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The great parenting paradox

I think I missed the parenting class which instructs well-meaning decent moms and dads to completely ignore their offspring when misbehaving in public. Either that, or these well-meaning parents missed the class which tells them how to discipline. Not sure which.

When kids suddenly become foul-mouthed, rude, obstinate or just plain lacking in manners in the presence of other adults, it can be awkward for parents to correct them. Or even to claim them as their own. But what’s worse is ignoring the child’s behavior sends a clear message it’s OK to act up in public.

Stopping to chat with one father recently after school, his (clearly annoyed) third grader immediately began tugging on Dad’s arm and saying emphatically, “Let’s GO.” Dad tugged back and said, sounding a little embarrassed, “OK, OK, but can you say hello first?” To which his son stared in the opposite direction of me and said in a monotone but loud voice, “Hi, bye, let’s GO.”



Dad rolled his eyes and said to me, “Sorry, clearly someone needs an after-school snack.”

“Let’s GO!” he said again as he nearly tugged Dad’s arm out of its socket.



Normally I have some tolerance for a child who is hungry, tired, and exhausted from a long day at school. But for an instant I wanted to reenact the role of Penny’s sanctimoniously-pious mother in “Hairspray” and shout, “Devil Child! Devil Child!” as I tossed holy water in the kid’s direction. I refrained. Here in front of me was a child who wasn’t demonstrating the decency I knew he had in him, or the respect I felt he should show his father.

Then it occurred to me, maybe fathers and mothers aren’t showing the respect they should for their children. Where else are kids learning to stoop to this level?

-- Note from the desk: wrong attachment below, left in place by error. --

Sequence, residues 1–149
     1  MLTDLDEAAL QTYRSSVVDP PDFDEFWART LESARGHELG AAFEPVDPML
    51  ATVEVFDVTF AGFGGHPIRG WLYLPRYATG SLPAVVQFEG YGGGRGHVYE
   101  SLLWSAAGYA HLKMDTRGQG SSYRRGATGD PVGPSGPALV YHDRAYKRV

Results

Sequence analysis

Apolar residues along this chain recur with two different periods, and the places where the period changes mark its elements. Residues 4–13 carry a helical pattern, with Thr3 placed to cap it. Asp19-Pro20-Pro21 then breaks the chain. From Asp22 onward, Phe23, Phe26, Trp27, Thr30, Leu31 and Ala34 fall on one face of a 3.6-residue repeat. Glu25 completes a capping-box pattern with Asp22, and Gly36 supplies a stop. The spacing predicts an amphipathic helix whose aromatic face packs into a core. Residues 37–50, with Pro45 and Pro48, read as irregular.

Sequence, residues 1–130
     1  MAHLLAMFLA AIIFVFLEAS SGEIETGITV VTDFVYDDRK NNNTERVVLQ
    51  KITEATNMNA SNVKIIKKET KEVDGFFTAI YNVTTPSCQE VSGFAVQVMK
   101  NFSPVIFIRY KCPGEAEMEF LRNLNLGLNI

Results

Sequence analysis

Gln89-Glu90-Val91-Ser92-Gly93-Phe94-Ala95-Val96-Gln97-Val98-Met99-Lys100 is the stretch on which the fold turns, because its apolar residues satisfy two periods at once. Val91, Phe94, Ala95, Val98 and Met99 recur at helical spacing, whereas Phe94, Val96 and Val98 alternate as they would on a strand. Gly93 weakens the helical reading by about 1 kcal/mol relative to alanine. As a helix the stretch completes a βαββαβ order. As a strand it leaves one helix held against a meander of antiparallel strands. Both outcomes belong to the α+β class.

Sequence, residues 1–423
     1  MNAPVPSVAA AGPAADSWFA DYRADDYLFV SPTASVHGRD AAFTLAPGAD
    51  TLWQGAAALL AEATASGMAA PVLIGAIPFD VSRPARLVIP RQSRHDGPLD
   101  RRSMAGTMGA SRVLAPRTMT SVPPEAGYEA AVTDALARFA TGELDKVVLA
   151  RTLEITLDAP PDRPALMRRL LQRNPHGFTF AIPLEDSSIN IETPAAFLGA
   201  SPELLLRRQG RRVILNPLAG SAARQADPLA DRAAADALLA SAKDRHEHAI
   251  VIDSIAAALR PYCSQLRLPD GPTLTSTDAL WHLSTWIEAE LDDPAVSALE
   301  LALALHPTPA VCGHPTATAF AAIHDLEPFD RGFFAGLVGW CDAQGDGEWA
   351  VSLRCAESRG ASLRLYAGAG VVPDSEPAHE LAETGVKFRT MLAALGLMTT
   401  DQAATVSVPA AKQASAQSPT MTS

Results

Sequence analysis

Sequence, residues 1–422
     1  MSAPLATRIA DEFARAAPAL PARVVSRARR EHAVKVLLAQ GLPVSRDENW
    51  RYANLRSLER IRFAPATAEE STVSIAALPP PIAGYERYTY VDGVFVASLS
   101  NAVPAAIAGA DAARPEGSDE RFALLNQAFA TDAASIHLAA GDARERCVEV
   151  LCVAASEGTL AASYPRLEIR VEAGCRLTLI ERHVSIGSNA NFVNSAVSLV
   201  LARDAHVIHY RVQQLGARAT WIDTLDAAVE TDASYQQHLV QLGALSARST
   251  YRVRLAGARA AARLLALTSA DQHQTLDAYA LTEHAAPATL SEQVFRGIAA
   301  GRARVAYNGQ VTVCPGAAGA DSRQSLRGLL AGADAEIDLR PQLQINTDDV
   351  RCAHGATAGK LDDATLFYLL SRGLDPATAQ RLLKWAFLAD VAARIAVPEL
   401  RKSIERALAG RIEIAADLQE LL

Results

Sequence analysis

Take, for instance, a recent afternoon in the football stands. I watched a young mother shouting at her pre-schooler to “Get over here NOW!” When the demand wasn’t met immediately, Mom grabbed him by the arm, shouted it again, and yanked him with enough force to make a few adults in the vicinity cringe. “I said get OVER here,” she hollered, dragging him out of earshot. Child abuse? Probably not.

Malicious? Maybe a little. Disrespectful? Absolutely.

I don’t know why parents feel it’s OK to disrespect their kids. They want the absolute best for their children, but give them their absolute worst. The ultimate parental paradox.

And the illogic of it leads to a twofold problem: kids who misbehave (and you can bet it’s not just in public) and parents who don’t have the cojones to deal with it.

It may be easy (albeit alarming) to yank a toddler up by his arm and tell him to behave … or else. But try that with a ten-year-old, a fourteen-year-old, or your college freshman son. The younger our kids are when we begin to practice respect and consideration even in our discipline ” no, especially in our discipline ” the more likely we are to carry those habits forward as our kids grow up. Not only will we be able to deal with rude behavior in public swiftly and directly, but the rude behavior likely won’t happen at all.

That’s a parenting paradox I’d be happy to contend with.

Charla Belinski’s column appears every other Sunday in the Glenwood Springs Post Independent. Contact her at belinskis@comcast.net.


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